DP:Can you use part of your retirement savings accounts for education?
TS: Absolutely, but remember: You can always borrow for college, but you can’t borrow for your retirement.
TS: Having said that, if you want to dip into your retirement account, the IRS does allow you to do this. Roth IRAs are the most favorable for using funds for higher education. You can pull money out to help pay the cost of college education, tax free. It’s important to note, too, for Roth IRAs – and really Roth IRAs are probably the best vehicle in order to do this – that they will be coming out tax free for this. You just don’t see that anywhere else, and a lot of people do not know that actually, that they could use a Roth IRA in order to pay for college education. But, as I said before, the takeaway from any sort of college savings advice is just to talk to your advisor about this first because you don’t want to hinder your retirement plan – and that could potentially happen.
DP:What if you child winds up not going to college?
TS: You can use that for a trade school or you can transfer to a relative to use. You do run the risk of a penalty for withdrawal for non-educational use. That’s the key – non-educational use. There is a penalty for that.
DP:That’s good to know. How can you help closely held business owners balance the costs of running their businesses and pay for a college education?
TS: Most family businesses use their business to help the family. So a lot of aging owners are trying to find ways to help either their children or grandchildren. With relatively low funds and maintenance, 529 plans are extraordinarily favorable for these business owners because they don’t have to spend a lot of time thinking about how to invest,which vehicle is best. It’s hard to concentrate on that and concentrate on making their business successful. The key though is to start the fund at a young age.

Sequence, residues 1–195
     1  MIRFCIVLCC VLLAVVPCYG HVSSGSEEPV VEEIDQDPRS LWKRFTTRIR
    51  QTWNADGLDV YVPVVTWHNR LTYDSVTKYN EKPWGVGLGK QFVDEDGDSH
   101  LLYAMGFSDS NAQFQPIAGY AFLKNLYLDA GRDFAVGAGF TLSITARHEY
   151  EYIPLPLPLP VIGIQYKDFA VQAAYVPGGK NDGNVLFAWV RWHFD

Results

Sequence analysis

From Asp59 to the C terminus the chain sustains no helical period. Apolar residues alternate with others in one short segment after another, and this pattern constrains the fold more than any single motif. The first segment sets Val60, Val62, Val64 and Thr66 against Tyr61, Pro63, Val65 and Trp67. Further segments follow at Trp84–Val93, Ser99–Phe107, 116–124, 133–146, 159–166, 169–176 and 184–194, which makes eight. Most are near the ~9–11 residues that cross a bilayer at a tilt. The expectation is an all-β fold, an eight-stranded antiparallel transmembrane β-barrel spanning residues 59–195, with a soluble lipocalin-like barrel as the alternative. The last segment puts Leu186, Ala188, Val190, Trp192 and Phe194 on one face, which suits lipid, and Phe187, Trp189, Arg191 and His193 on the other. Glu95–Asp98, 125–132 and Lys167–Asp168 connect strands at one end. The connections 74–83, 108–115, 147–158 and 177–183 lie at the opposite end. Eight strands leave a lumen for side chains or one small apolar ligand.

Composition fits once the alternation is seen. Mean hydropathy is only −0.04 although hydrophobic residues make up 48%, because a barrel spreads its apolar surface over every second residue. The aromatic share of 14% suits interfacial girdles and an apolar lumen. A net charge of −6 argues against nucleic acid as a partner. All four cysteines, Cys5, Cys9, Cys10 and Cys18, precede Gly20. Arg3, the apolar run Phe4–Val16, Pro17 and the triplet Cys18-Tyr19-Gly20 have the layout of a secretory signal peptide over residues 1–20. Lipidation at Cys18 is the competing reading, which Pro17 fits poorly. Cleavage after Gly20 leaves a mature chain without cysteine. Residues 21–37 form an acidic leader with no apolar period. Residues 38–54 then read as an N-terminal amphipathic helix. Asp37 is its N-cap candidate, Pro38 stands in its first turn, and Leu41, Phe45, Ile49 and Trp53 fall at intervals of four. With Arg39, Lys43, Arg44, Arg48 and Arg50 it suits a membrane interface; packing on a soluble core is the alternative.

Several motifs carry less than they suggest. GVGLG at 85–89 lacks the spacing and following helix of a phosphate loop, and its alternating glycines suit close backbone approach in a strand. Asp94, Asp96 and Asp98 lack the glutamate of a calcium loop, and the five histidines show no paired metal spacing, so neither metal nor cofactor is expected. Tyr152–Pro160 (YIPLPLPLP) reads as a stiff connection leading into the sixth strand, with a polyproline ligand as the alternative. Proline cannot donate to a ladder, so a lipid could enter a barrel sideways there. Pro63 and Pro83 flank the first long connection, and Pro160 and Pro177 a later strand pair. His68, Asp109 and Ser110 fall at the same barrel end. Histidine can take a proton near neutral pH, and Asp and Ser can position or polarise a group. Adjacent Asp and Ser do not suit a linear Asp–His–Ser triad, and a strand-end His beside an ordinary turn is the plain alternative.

DP:Well, you know what time it is, Tim. Our listeners can’t get enough of them. Let’s hear your New Jersey Historical Society fun fact for today.
TS: So I think all New Jersey residents are aware that Rutgers is the birthplace of college football. I mean it’s actually on their stadium, so if you ever drive past it you’ll see it there. But I don’t know if you guys are aware of this: The first organized baseball game was actually played in Hoboken in 1846, which is pre-Civil War; and the first professional basketball game was played in Trenton, New Jersey,in 1896.
DP:Cool. I knew the one about baseball. I didn’t know the one about basketball.
TS: Our state is the best.
DP:Well, Tim, thanks for this valuable information.
TS: My pleasure.
DP:And thank you for listening to “The Bottom Line” as part of the EisnerAmper podcast series. If you have any questions or there’s a topic you’d like us to cover, email us at contact@EisnerAmper.com and visit EisnerAmper.com for more information on this and a host of other topics. Join us for our next EisnerAmper podcast when we get down to business.